The Documenting the American South website would be a great resource for most visitors, though the site seems most suited for scholars, researchers, and educators. Although the breadth of the primary source material would be suitable for scholars researching specific topics or perspectives relating to Southern life, the site is very user-friendly in its construction. In addition to providing subject guides for browsers (the people, not the computer kind) can peruse (my favorites include Explore Women’s History in North Carolina and The diary of a female plantation owner in South Carolina), the site includes guides to visitors who don’t possess advanced researching skills, such as a Guide to Using the Subject Index.
: Woman\’s American Baptist Home Mission Society, c1919.”]
Mary McLeod Bethune, Women of Achievement: Written for the Fireside Schools Under the Auspices of the Woman's American Baptist Home Mission Society. [Chicago, Ill.
Documenting the American South has taken great strides in the use of new media, starting with the digitization of hundreds of oral histories. The quality of the audio files range from moderate to excellent, which is fairly impressive when you consider the oral history project started in the early 1970s and may not have been conducted with the highest-end of equipment. Many of the Highlights include audio podcasts that allow the visitor to listen along while browsing through documents, and visitors can subscribe to the RSS feeds to be alerted when new podcasts become available.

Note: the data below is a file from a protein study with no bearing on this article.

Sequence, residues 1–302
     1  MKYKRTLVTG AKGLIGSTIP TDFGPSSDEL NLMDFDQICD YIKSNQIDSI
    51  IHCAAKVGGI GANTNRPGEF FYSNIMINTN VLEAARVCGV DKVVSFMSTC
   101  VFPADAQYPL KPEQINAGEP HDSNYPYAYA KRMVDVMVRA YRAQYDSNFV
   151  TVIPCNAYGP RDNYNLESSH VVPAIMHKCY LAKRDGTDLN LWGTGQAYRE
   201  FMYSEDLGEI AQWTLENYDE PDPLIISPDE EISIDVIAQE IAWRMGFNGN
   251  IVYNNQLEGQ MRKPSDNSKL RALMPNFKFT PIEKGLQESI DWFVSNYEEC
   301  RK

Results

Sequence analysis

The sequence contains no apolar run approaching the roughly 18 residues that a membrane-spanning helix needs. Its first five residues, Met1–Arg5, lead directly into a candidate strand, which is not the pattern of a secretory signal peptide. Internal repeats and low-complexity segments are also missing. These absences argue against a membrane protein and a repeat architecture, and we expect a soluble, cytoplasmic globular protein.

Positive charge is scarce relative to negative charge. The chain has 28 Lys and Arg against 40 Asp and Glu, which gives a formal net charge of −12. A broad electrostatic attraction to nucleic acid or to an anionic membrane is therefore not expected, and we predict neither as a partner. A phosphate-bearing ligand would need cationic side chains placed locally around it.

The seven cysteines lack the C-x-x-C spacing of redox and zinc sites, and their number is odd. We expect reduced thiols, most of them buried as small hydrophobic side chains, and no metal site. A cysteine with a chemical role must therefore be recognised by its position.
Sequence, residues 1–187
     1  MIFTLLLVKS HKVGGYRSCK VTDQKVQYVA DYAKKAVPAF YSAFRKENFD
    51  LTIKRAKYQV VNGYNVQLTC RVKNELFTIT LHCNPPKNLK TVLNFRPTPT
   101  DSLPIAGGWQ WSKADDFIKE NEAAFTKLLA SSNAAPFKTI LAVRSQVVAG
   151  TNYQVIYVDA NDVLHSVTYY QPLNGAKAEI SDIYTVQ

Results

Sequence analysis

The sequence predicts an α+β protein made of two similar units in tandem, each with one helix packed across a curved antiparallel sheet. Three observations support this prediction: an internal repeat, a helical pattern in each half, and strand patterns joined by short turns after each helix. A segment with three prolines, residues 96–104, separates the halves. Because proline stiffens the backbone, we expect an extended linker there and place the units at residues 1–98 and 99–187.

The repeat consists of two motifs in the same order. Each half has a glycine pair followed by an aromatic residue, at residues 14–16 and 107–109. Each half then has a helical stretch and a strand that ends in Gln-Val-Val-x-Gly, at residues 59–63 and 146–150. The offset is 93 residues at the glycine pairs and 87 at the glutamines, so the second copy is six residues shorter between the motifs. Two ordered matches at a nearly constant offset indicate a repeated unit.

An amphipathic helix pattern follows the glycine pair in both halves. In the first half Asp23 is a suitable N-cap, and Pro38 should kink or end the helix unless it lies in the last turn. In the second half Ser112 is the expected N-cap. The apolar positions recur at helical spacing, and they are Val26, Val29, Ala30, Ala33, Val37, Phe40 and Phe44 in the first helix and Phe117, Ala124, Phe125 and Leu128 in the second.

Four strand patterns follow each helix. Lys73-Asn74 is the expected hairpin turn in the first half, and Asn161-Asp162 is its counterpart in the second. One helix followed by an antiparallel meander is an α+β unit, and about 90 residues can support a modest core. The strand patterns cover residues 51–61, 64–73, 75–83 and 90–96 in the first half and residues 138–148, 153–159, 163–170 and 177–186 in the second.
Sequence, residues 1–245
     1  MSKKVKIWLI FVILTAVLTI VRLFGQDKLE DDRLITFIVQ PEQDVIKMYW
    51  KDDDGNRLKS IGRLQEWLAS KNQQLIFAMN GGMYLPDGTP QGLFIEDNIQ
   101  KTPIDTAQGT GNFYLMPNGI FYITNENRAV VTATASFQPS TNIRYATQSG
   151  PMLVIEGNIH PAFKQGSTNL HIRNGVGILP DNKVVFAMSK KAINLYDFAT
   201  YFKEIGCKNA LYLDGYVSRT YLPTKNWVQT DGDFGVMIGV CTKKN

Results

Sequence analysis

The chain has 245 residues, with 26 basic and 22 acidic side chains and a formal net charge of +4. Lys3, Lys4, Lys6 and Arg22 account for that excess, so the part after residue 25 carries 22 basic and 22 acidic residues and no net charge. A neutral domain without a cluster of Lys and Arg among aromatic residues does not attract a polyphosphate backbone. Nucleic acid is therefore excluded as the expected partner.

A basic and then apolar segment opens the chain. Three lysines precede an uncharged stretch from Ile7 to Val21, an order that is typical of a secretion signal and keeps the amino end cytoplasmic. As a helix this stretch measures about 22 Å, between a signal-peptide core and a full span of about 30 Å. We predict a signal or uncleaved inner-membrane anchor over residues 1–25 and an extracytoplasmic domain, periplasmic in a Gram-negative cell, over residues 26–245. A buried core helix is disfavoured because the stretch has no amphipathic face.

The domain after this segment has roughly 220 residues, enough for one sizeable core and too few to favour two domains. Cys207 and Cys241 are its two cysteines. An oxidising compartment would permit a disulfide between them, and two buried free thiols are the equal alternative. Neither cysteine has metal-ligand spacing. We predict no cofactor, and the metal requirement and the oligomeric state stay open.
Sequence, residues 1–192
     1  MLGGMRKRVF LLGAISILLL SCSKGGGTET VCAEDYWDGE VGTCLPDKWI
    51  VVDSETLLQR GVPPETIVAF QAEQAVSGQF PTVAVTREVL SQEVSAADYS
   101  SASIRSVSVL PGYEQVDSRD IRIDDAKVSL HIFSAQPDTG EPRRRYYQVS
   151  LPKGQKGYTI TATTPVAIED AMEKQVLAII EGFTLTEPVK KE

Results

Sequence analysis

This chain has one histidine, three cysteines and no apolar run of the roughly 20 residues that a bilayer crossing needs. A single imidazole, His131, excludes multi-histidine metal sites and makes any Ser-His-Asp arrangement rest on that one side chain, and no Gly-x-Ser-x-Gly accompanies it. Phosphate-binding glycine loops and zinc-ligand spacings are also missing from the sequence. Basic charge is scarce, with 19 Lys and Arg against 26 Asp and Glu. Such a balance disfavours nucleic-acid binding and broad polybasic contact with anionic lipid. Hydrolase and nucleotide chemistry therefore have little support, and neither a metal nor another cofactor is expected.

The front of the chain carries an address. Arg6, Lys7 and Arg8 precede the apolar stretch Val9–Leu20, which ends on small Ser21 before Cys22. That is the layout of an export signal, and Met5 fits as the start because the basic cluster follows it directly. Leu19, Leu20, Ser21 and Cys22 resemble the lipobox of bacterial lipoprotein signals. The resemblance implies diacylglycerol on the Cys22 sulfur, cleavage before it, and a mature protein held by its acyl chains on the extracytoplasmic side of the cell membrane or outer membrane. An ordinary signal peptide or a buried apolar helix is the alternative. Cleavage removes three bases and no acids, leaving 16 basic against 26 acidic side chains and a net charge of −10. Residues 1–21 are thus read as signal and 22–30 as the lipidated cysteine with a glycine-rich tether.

Along with the oral history audio recordings, many of the images of scanned documents are of a relatively high quality, as is the written descriptions that accompany the artifacts. Finally, Documenting the American South includes a link to a 23-page .pdf file of comments readers have shared with the site’s creators, opening the door to an interactive conversation between collections manager and researcher. Documenting the American South is a fantastic resource for researchers of all levels to engage with the past in the South, and they are sure to come away from the site having found something unique and unexpected.
Emmett J. Scott (Emmett Jay), 1873-1957 and Lyman Beecher Stowe, 1880-1963 Booker T. Washington, Builder of a Civilization. Garden City, N.Y.: Doubleday, Page & Company, 1916.